And Mr Weber, the leader of the European People’s Party group in the European Parliament, also claimed the bloc had forced Boris Johnson to the negotiating table in the wake of his phone calls with Mrs Merkel and French President Emmanuel Macron at the weekend, during which he discussed the situation. European Commission President Ursula von der Leyen threatened to impose just such a ban on exports to the EU, insisting AstraZeneca must first deliver the doses it was contracted to provide for the EU.
Mr Weber made his remarks during an early morning appearance on German television station ZDF, during which he clashed with SPD politician Bernd Lange, who sits on the European Parliament’s Trade Committee, and who is opposed to a ban.
Mr Weber said: “We want partnership. We Europeans are willing to work with the rest of the world to fight this pandemic and we can only do this together, everybody knows this.
“However, when I hear that we are discussing a potential vaccine war, then we have to note this vaccine war is already raging. Great Britain, USA, did not deliver any vaccines to Europe, but we are assiduously delivering to GB.
“And that is why we now have to tighten the thumbscrews.
“I do believe that we now also have to think of our own citizens in the EU.”
Mr Lange argued that the bloc’s quarrel was with AstraZeneca, as opposed to the United Kingdom, and should therefore pursue them rather than imposing restrictions that could potentially impact Britain’s vaccination programme.
READ MORE: EU targets Britain with ban – but exempts 118 countries
He said: “The people expect their state to act and makes sure the vaccines arrive.
“And if we talk to states, then we to be clear with GB and the USA. Reciprocity!
“Those who don’t deliver to us can’t expect us to deliver to them and therefore there has at least be the discussion about a temporary stop of vaccine deliveries abroad on Thursday between the heads of state and government.”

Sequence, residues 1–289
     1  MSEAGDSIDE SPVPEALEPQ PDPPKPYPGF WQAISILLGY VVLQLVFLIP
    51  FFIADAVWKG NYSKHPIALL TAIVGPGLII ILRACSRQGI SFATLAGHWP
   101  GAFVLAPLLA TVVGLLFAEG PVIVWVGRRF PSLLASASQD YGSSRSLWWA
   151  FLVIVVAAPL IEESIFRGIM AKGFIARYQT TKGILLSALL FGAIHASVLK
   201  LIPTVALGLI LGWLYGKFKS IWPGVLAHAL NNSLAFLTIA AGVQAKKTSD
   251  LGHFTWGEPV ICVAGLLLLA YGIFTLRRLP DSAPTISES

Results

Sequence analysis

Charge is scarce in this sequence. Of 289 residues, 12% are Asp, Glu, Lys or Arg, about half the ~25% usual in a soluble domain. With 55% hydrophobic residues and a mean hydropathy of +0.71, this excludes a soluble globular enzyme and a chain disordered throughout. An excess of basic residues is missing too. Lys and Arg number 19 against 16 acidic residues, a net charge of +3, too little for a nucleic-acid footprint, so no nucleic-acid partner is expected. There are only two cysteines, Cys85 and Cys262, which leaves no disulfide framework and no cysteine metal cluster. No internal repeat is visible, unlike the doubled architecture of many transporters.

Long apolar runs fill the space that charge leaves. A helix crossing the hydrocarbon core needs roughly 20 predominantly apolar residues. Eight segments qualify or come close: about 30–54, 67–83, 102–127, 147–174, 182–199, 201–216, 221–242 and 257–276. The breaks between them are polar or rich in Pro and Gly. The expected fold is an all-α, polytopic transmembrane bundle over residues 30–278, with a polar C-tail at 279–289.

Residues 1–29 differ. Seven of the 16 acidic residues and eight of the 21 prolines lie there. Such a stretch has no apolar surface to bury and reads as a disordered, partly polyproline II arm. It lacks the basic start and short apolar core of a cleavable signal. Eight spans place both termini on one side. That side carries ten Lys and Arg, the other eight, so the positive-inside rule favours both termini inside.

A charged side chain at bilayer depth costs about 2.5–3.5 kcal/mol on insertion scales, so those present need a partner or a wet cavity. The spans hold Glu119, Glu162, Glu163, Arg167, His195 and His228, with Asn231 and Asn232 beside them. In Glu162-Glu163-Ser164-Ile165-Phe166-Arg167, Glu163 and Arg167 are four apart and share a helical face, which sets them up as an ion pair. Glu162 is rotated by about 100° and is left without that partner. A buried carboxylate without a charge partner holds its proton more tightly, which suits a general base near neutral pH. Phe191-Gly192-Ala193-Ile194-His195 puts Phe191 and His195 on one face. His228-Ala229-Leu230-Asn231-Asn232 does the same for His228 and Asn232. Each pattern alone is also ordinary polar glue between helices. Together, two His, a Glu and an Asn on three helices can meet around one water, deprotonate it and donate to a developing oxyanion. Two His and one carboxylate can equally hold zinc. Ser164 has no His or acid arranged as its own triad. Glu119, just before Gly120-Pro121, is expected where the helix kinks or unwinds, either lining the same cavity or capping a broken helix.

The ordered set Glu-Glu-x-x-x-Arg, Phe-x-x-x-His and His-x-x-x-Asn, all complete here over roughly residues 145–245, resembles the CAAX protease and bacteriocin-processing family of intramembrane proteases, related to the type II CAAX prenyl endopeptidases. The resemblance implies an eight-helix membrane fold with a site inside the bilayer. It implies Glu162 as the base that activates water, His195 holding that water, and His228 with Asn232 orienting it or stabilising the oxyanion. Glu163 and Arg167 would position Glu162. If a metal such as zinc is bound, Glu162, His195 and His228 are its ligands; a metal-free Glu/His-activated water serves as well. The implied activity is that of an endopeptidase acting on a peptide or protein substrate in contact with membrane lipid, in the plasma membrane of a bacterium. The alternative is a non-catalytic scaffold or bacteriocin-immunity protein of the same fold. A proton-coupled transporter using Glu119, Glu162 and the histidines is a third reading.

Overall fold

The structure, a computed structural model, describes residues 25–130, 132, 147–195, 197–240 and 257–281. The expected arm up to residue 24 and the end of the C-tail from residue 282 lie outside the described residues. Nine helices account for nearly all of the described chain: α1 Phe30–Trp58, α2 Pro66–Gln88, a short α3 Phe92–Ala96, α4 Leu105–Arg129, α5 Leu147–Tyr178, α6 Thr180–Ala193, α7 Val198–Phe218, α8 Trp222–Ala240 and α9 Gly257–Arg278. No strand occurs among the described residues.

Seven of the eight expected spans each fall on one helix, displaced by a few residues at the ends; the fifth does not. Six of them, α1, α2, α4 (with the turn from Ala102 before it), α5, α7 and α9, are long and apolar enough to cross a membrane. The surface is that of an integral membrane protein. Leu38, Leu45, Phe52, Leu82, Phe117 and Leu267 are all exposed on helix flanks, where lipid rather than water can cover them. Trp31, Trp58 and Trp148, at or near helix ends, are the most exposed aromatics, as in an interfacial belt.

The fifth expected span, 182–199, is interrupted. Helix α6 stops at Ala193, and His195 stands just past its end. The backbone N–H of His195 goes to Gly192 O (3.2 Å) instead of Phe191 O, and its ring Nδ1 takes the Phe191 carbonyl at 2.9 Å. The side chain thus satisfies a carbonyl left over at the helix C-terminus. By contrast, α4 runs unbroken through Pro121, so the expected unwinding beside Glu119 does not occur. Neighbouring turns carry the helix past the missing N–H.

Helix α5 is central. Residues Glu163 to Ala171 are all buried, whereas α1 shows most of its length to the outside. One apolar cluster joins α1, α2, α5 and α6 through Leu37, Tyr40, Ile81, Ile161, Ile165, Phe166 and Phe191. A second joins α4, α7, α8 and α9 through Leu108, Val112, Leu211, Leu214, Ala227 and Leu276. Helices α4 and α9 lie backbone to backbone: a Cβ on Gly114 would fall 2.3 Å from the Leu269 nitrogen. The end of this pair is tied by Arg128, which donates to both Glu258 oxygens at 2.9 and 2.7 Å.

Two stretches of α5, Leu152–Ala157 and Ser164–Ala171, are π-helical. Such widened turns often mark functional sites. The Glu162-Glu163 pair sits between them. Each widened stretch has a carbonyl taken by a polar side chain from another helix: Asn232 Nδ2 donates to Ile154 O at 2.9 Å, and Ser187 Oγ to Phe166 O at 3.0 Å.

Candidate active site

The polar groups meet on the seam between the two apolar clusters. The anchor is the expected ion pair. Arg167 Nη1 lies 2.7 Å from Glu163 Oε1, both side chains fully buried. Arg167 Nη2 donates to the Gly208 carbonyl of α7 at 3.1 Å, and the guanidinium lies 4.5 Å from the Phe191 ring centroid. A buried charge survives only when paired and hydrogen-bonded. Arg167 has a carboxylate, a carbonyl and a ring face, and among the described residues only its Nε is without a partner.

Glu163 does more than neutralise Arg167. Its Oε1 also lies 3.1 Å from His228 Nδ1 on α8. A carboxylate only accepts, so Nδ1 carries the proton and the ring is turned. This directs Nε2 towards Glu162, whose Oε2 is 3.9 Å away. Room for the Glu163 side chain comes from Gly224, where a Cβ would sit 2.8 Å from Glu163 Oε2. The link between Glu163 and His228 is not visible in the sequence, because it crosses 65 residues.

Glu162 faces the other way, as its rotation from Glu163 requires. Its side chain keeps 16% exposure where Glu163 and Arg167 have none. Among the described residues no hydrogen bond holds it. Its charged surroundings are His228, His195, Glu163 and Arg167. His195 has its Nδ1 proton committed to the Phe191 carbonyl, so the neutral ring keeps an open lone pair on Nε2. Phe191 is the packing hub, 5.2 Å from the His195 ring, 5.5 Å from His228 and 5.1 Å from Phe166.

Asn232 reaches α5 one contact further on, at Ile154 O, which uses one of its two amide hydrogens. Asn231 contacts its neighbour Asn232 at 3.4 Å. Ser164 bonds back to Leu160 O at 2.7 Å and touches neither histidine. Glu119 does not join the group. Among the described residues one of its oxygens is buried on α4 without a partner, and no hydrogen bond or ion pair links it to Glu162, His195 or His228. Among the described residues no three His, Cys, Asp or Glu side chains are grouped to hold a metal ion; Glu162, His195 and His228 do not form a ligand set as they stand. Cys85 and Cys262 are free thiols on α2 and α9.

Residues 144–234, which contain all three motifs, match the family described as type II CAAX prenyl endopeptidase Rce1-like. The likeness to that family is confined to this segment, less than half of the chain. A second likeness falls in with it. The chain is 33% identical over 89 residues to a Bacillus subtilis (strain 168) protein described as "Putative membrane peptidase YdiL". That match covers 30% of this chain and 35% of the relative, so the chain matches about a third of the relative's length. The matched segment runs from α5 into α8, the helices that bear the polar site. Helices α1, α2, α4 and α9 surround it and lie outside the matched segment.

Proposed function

Mr Weber recalled the EU’s pledge to have offered a jab to every EU citizen by the end of summer.
He said: “I want to make good on this. And for this we have to do whatever needs to be done.”
Responding to Mr Lange’s suggestion that an EU ban could trigger retaliatory bans from other countries, including the UK, Mr Weber pointed out that Britain too was reliant on numerous additives, including lipids, fat molecules which are used to encase the virus’s genetic material and transport it into the body, which were coming from other countries.
He added: “he fact that the delivery chains are connected, this fact is also true for GB and for the USA.
“They also need those lipids, the primary substances, for example from Canada.
“Despite this, the USA and GB have imposed a virtual export ban in the last months.
“What we could do, would be to that at least GB and the USA would talk to us and I would like to tell you Mr Lange, the last days, the fact that Boris Johnson would positively talk about the EU, that he would call Ursula von der Leyen, Angela Merkel, Macron and say ‘how can we do this’, this alone was caused by the discussion about the export ban.
“And I would like us to talk fairly with each other and for this Europe now has to shift up a gear
“That is why I will stick to it, we have to keep our summer promise and on Thursday the heads of state and government have to seriously discuss a temporary export ban, especially for AstraZeneca, the partner who does not cooperate.”
(Additional reporting by Monika Pallenberg)